Admission officials are always pleased to see that students have given time to others, but, frankly, "community service" has become such an application imperative that it doesn't carry the clout that it used to. Thus, I advise students to take on projects that genuinely engage them and not merely those that they feel might "look good" on paper. If nothing comes to mind, your time might be better spent working at the Waffle House or Piggly Wiggly (which looks good on applications, too!)
Starting a project by yourself just takes a bit of imagination. It could involve other teens, participants from a range of age groups, or it could be something you do entirely on your own. What do you enjoy? What are your talents? I recently asked this question of a high school junior girl, and she said that she has fun making playlists for her friends on their computers so that they can download the songs on their iPods, burn CD's, or simply listen to their favorite music at home, right on the computer. So I thought of my mother, who is 83. She has a computer and keeps in touch with her friends via e-mail, but--beyond that--her tech skills are almost nonexistent. She likes music, but many of the CD's she owns include only a couple songs that she especially loves.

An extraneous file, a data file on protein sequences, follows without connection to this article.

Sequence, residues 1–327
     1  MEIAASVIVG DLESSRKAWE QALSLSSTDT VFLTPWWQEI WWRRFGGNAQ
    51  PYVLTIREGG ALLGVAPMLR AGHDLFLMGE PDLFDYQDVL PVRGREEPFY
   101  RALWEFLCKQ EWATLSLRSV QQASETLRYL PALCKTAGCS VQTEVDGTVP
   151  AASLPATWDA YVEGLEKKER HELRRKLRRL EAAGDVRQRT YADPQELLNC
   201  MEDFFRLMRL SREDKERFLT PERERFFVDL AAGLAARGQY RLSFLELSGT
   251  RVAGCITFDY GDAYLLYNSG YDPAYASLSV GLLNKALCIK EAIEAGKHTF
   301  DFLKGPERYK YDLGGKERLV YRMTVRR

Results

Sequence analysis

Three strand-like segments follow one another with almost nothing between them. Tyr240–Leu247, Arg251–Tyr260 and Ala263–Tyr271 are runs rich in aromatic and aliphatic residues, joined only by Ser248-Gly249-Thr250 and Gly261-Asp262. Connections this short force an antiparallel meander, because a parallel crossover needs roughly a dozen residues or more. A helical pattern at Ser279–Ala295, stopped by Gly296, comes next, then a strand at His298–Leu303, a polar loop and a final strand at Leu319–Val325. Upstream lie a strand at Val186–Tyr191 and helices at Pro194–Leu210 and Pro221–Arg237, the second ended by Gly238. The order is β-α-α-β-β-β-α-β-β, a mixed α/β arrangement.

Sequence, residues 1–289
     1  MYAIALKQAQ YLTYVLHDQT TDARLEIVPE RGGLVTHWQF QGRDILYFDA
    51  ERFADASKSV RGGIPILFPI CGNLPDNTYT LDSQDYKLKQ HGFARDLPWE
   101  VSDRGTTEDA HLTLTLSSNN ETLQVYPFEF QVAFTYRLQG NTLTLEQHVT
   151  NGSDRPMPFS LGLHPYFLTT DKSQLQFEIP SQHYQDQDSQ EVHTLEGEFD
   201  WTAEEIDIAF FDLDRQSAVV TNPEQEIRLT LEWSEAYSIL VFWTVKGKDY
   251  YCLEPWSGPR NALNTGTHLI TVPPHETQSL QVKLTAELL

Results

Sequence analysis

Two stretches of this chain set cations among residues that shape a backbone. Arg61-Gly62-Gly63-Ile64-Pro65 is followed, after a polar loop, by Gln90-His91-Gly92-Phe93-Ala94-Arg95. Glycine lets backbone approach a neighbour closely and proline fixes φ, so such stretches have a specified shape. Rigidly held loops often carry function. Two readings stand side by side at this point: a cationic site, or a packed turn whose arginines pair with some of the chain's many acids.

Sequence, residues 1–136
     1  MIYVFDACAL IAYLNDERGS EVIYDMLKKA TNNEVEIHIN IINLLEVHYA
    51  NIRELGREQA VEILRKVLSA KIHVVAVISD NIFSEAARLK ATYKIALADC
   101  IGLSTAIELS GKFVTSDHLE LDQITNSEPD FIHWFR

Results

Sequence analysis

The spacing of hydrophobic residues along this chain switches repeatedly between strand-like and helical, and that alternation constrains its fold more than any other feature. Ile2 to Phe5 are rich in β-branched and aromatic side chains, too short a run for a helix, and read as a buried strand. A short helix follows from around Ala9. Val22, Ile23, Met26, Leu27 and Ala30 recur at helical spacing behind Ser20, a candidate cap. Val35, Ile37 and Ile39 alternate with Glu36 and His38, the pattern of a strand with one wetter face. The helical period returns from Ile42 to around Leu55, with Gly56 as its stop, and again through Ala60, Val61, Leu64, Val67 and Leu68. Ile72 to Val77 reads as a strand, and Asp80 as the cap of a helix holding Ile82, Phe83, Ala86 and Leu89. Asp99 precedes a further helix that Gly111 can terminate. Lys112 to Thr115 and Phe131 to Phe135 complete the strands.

So, I suggested that this student might want to start a Playlist Project. She could offer to make playlists for area seniors or shut-ins, enabling those with computers to easily access all of their favorite music. She could even burn CD's for them, as well.
Never mind the playlists, even teaching senior citizens how to get around a computer would be a huge favor, too. Many, like my mother, have only the most rudimentary knowledge and would appreciate learning how to do a Google search or to spend their kids' inheritance on eBay. :-)
So that's the kind of easy-to-initiate, think-outside-the box project that might work for you. Even in your small town, there are bound to be opportunities to help others, if you are creative and keep your eyes open. You don't have to think big. Perhaps start doing something on your own, like the computer project mentioned above, and then--if it takes off--you can recruit friends or schoolmates to join in.
Anything you do to give your time to others should be a plus on your college applications, but, when admission officials spot real initiative there, as well as volunteer pursuits that have ties to other interests or experience listed elsewhere in the application, it often prompts them to shove that application a little closer to the "In" pile.
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